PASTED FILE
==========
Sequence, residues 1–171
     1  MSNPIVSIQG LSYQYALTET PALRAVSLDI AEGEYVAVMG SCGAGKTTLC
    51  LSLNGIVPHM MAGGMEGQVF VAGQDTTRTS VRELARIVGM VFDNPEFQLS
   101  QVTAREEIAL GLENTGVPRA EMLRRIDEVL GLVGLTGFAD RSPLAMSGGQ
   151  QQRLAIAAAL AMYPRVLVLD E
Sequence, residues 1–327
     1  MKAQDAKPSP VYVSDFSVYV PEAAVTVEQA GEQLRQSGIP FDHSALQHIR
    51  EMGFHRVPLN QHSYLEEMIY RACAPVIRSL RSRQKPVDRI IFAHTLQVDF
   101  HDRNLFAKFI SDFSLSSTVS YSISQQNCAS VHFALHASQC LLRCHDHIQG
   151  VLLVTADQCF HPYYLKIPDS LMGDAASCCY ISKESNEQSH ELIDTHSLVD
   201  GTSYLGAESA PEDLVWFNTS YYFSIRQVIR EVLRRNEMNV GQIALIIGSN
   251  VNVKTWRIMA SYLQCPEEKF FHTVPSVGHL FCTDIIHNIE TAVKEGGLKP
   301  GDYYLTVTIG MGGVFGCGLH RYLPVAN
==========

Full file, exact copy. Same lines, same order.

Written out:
Sequence, residues 1–171
     1  MSNPIVSIQG LSYQYALTET PALRAVSLDI AEGEYVAVMG SCGAGKTTLC
    51  LSLNGIVPHM MAGGMEGQVF VAGQDTTRTS VRELARIVGM VFDNPEFQLS
   101  QVTAREEIAL GLENTGVPRA EMLRRIDEVL GLVGLTGFAD RSPLAMSGGQ
   151  QQRLAIAAAL AMYPRVLVLD E
Sequence, residues 1–327
     1  MKAQDAKPSP VYVSDFSVYV PEAAVTVEQA GEQLRQSGIP FDHSALQHIR
    51  EMGFHRVPLN QHSYLEEMIY RACAPVIRSL RSRQKPVDRI IFAHTLQVDF
   101  HDRNLFAKFI SDFSLSSTVS YSISQQNCAS VHFALHASQC LLRCHDHIQG
   151  VLLVTADQCF HPYYLKIPDS LMGDAASCCY ISKESNEQSH ELIDTHSLVD
   201  GTSYLGAESA PEDLVWFNTS YYFSIRQVIR EVLRRNEMNV GQIALIIGSN
   251  VNVKTWRIMA SYLQCPEEKF FHTVPSVGHL FCTDIIHNIE TAVKEGGLKP
   301  GDYYLTVTIG MGGVFGCGLH RYLPVAN